In my own work, I've found that comprehensive documentation authored by well meaning individuals, or worse a committee, who possess very little technical expertise, is often written in confusing, lengthy narrative style that requires a linguistic anthropologist to decipher. Too often development teams spend days pulling out the real features and requirements and expected behavior from such documents, generally resulting in many unanswered questions, the answers to which just cannot be found in the comprehensive documentation.

Recently we have found greater value in documentation that has relatively strict structures that guide authors to produce specific, detailed and comprehensible documentation. The format is simple and adopted from the increasingly popular behavior driven design (BDD) approach.

The goal of this approach is to define desired behavior and clear acceptance criteria for specific requirements without mashing them all together in a narrative style that requires time consuming decomposition. Here's the format:

P[n]: Process Title
Two line description of a process (akin to epic user story)

F[n]: Function Title (a feature or step in the workflow)
As a role
I want action/process description
so that benefit/value of feature.

AC[n]: Acceptance Criteria or Scenario Title (p1)
Given some initial context (the givens),
when an event occurs,
then ensure some outcomes.


It's really not different than BDD. There is only one subtle difference which I've found can make all the difference in the world. the terms used (process, function and acceptance criteria) are far less scary to the business than terms like epic, user story and scenario.

Of course, this won't work for every situation, but where you can break documentation down into logical units that focus on one feature, one thing at a time, you can eliminate the time consuming deconstruction of comprehensive documentation that can only be processed by the most advanced computer in the world: the human brain.

Computer Models – Magical Scripture of the Climate Change Disciples

I’ve not used this blog for politics in the past, but I’m going to start making some exceptions where I think there is a technology tie-in. George Will’s piece on the Copenhagen summit was very interesting. I recommend that you read it. I am not a climatologist but I am a skeptic of all science based on computer models, especially models that cannot accurately predict the present observable state of a system.

The recently hacked emails of the Climate Research Unit (CRU) in Britain reveal a pattern of behavior that would be more consistent with the corrupt leaders of a cult whose proclaimed tomes of divinely inspired scripture cannot withstand scrutiny should certain facts be revealed. In the minds of the true believing disciples or the corrupt leadership of the cult, the ends justify the means. And truth is not a consideration.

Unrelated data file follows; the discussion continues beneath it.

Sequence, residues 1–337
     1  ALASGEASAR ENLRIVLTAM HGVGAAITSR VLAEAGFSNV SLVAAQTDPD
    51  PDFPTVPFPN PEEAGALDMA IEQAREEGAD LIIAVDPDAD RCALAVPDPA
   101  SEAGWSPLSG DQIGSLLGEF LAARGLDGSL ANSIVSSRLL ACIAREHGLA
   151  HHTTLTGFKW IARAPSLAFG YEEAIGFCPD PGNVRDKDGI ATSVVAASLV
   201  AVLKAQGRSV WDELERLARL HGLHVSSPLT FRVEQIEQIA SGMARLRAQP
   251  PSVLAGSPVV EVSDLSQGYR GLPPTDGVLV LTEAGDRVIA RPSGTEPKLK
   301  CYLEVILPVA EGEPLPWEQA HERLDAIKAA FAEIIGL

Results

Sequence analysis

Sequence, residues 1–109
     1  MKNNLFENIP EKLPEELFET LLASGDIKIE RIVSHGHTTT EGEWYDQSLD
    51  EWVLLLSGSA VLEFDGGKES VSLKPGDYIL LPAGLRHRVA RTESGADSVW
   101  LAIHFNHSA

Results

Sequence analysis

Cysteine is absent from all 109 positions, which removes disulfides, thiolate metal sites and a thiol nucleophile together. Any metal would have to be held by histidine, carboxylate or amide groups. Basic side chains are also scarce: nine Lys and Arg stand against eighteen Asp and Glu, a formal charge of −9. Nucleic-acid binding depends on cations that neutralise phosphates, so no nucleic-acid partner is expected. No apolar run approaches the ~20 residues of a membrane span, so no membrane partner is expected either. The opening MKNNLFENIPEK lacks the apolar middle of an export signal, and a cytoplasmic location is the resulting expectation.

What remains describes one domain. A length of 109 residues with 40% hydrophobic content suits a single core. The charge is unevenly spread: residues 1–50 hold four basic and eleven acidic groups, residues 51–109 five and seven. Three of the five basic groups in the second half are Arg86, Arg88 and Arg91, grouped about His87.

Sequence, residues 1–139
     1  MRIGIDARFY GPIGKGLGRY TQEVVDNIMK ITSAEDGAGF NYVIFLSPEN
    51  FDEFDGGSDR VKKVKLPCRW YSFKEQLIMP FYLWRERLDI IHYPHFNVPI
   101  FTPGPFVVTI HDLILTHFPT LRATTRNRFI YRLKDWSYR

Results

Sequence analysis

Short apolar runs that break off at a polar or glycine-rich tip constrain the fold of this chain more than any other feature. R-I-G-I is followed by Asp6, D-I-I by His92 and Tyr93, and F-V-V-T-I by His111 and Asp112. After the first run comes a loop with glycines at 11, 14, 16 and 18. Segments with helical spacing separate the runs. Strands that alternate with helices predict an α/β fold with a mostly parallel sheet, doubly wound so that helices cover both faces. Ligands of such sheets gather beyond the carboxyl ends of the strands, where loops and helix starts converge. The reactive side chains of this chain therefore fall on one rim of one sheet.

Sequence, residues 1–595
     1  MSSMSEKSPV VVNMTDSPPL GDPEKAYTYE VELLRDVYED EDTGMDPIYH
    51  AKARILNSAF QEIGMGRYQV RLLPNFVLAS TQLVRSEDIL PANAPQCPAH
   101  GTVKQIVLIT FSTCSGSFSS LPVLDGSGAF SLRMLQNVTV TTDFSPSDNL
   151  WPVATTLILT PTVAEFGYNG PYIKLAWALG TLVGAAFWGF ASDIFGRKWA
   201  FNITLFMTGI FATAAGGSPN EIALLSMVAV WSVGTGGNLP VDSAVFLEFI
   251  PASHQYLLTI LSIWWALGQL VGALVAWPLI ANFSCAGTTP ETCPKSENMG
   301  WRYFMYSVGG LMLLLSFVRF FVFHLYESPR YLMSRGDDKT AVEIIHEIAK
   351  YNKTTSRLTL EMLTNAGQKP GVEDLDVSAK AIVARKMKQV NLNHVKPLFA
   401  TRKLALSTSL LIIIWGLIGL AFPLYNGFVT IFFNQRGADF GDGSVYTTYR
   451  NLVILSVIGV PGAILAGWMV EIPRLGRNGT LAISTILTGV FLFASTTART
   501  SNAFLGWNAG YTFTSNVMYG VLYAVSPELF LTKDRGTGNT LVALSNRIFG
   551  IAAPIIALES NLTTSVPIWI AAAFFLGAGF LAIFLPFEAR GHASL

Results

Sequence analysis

The software models and data upon which all climate change disciples rely are written by flawed human beings. Whether a software engineer expertly writes the software to implement his best understanding of the requirements of the scientist or the real scientist writes the software with a less than perfect knowledge of software engineering and design, the outcome is the same. (Hey, not even a PhD can know everything.) All software is flawed. It is the nature of our art.

Can computer models be a good thing? Sure. Especially when they work. Can they be a bad thing? Well, consider that a climate model must model the entire earth and its atmosphere. That’s a few million data points (colossal understatement). These models must have historical data. And there’s the rub. It’s not there. Not really. So we extrapolate the data using tree cores and ice cores and, wait for it, more computer models.

Any software engineer knows that such a model will be inherently complex and that complex systems are inherently flawed and that very complex systems are inherently very flawed. No software engineer will declare her (or his) faith in such a model or its output, but more importantly, they would never bet a week’s salary on it’s accuracy without full testing and confirmation against known observable data and repeatable tests. Yet, we are preparing to bet trillions of tax payer dollars on these flawed models. “Hey, Sam, keep your hands out of my pocket!”

The problem we have is that scientists have put their faith in software models and data produced by software models as the magical source of all truth and knowledge. They are either the corrupt leaders of a cult (see the CRU emails) or its blind disciples insisting on the truth of their models even when observable facts contradict and invalidate those assertions.

The climate change models and extrapolated data have become scripture. The scientists who preach daily from the pages of that holy writ are held in prophetic awe and reverence by the ignorant masses of well intentioned politicians and citizens of the earth. Except for software engineers and the “deniers” of course.

So back to the question. Can computer models be a bad thing? Yes, when the ignorant or the corrupt use them as an unquestionable, magical affirmation of their own political agenda or emotional response to the idea that man is killing the planet and that unless we do something about it, we will all die. Well nobody wants that.